The wedge sank five times into the clay,
and a word, which had been spoken in a breath,
lay still until the godsâ€™ names were forgotten.
Then, when strangers took the tile in hand,
while stars sailed into the dark
beyond the world, the dead tongue
in the clay began to speak.
This poem appeared in The Atlantic Monthly, May 2008 edition. If you liked the poem, click through in order to encourage more of the same from the author and magazine.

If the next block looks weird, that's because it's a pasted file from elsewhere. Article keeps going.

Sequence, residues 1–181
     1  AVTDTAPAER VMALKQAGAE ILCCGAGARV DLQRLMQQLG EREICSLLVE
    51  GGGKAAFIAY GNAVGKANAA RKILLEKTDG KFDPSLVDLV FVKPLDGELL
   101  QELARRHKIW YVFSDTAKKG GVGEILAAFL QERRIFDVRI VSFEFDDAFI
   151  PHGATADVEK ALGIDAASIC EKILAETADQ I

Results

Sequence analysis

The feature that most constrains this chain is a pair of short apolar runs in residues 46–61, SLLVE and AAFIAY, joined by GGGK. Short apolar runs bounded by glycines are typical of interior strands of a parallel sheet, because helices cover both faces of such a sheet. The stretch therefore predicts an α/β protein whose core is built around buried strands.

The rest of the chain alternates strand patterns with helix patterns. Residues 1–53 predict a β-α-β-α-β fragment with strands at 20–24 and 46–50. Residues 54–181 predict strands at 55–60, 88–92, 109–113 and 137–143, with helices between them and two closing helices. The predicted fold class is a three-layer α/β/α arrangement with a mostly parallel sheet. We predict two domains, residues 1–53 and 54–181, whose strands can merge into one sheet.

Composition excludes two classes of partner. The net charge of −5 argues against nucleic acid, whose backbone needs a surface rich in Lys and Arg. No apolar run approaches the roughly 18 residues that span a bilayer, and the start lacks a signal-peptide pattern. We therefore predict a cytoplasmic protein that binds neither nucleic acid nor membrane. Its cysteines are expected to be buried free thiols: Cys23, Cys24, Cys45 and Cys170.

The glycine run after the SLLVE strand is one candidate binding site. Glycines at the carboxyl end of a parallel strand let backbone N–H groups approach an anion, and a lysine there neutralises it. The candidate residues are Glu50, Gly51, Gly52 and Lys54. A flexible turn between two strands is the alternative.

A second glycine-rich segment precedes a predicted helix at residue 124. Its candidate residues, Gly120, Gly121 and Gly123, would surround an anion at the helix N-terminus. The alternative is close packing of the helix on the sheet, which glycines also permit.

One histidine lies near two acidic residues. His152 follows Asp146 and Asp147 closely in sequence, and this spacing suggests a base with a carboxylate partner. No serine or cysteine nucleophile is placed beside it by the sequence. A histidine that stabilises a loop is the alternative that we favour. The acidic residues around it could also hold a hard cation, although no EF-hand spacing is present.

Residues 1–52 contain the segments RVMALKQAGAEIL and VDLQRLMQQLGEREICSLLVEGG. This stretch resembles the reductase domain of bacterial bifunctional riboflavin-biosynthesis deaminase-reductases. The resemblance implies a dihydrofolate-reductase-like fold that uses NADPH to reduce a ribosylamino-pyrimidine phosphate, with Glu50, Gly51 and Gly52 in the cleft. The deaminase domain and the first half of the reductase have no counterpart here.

I’m not sure which gods he had in mind that one could form with just five strikes of the stylus onto the clay–even “dinger utu” would probably require at least six strikes–three for “dinger” and three for “utu.” He may have meant “five times” in a looser sense to cover the writing of five names. In any case, anyone know of a deity that can be written at least somewhat properly (there is at times tremendous variation in the cuneiform orthography) in five strikes or less including the dinger sign?